Russian President Vladimir Putin has floated the idea of exporting more gas through the TurkStream gas pipeline running beneath the Black Sea to Turkey after gas deliveries to Germany through the Baltic Sea’s Nord Stream pipeline were halted.

Erdogan said Russian and Turkish energy authorities would work together to designate the best location for a gas distribution centre, adding that Turkey’s Thrace region, bordering Greece and Bulgaria appeared to be the best spot.


Russia and Türkiye start work on natural gas hub – Gazprom

The aim is to ensure transparent and fair pricing in the global energy market, CEO Aleksey Miller says


Moscow and Ankara have begun joint work on creating a natural gas distribution hub in Türkiye, Aleksey Miller, the head of Russian energy giant Gazprom, has revealed.

Russia and Türkiye start work on natural gas hub – Gazprom

Moscow and Ankara have begun joint work on creating a natural gas distribution hub in Türkiye, Aleksey Miller, the head of Russian energy giant Gazprom, has revealed.

The initiative is intended to help ensure transparent and fair pricing in the natural gas market, according to Miller.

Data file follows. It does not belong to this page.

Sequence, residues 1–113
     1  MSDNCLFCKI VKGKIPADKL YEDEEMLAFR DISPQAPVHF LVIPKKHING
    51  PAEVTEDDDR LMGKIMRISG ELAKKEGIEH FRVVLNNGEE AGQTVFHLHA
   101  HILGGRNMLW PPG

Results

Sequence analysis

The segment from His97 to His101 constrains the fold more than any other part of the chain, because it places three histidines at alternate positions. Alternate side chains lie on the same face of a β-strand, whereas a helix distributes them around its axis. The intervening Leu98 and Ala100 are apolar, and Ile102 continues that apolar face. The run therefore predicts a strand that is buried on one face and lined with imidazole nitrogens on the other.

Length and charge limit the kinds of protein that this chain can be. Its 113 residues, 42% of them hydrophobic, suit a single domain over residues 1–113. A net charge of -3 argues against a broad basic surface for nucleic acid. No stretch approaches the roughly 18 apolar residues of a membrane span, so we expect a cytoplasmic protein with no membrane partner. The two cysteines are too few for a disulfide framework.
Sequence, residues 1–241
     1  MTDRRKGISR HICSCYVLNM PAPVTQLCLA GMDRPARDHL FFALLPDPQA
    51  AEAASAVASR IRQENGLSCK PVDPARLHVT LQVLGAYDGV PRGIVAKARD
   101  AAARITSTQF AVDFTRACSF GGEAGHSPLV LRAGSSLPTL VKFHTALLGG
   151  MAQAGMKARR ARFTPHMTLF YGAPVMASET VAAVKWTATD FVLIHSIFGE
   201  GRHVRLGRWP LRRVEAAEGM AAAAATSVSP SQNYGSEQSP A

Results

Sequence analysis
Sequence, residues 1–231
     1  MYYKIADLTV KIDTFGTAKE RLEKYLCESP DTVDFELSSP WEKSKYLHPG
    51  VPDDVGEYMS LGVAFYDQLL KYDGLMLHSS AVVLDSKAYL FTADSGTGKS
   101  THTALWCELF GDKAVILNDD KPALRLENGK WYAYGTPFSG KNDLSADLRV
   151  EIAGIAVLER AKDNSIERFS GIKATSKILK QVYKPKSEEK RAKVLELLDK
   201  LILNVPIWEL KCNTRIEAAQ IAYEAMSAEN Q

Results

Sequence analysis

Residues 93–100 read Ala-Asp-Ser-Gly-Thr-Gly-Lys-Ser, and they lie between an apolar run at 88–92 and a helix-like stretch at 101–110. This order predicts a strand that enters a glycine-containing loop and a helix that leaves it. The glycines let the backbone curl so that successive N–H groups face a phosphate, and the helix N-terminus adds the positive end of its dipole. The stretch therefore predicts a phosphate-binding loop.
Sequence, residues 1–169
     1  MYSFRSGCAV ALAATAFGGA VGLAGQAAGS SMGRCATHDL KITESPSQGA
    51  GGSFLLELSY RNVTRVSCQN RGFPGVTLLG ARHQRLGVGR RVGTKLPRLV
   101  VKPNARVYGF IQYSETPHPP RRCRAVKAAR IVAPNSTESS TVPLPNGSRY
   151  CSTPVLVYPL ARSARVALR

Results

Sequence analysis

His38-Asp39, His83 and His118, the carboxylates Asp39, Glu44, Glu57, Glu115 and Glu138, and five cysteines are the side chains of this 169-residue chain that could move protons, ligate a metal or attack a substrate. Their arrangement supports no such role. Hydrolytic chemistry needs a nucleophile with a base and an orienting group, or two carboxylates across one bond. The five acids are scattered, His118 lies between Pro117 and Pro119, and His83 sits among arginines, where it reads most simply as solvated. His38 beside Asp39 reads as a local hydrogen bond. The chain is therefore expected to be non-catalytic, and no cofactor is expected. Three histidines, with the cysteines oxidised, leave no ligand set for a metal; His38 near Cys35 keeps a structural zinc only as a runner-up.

The idea of creating a hub for gas supplies in Türkiye was proposed by Russian President Vladimir Putin in October. The president said this would allow Russia to redirect transits away from the damaged Nord Stream gas pipelines to the Black Sea region. He also noted that the gas hub would serve not only as a distribution platform but could also be used for determining gas prices and avoiding the “politicization” of energy. (ER: We remind readers that the EU has set price caps on energy, meaning that it tries to control the price of imported energy. Why should Russia agree if it means losing revenue? It can be a way to ensure more shortages within the EU, in fact. See this Reuters report.)

Turkish President Recep Tayyip Erdogan has welcomed the idea, claiming that the EU would be able to make purchases of Russian gas via his country.

Meanwhile, many Western countries, including the US, have criticized the plan. US State Department spokesperson Vedant Patel reiterated that Washington continues “to urge our allies to take steps to diversify their energy sources, to reduce energy reliance on Russia.”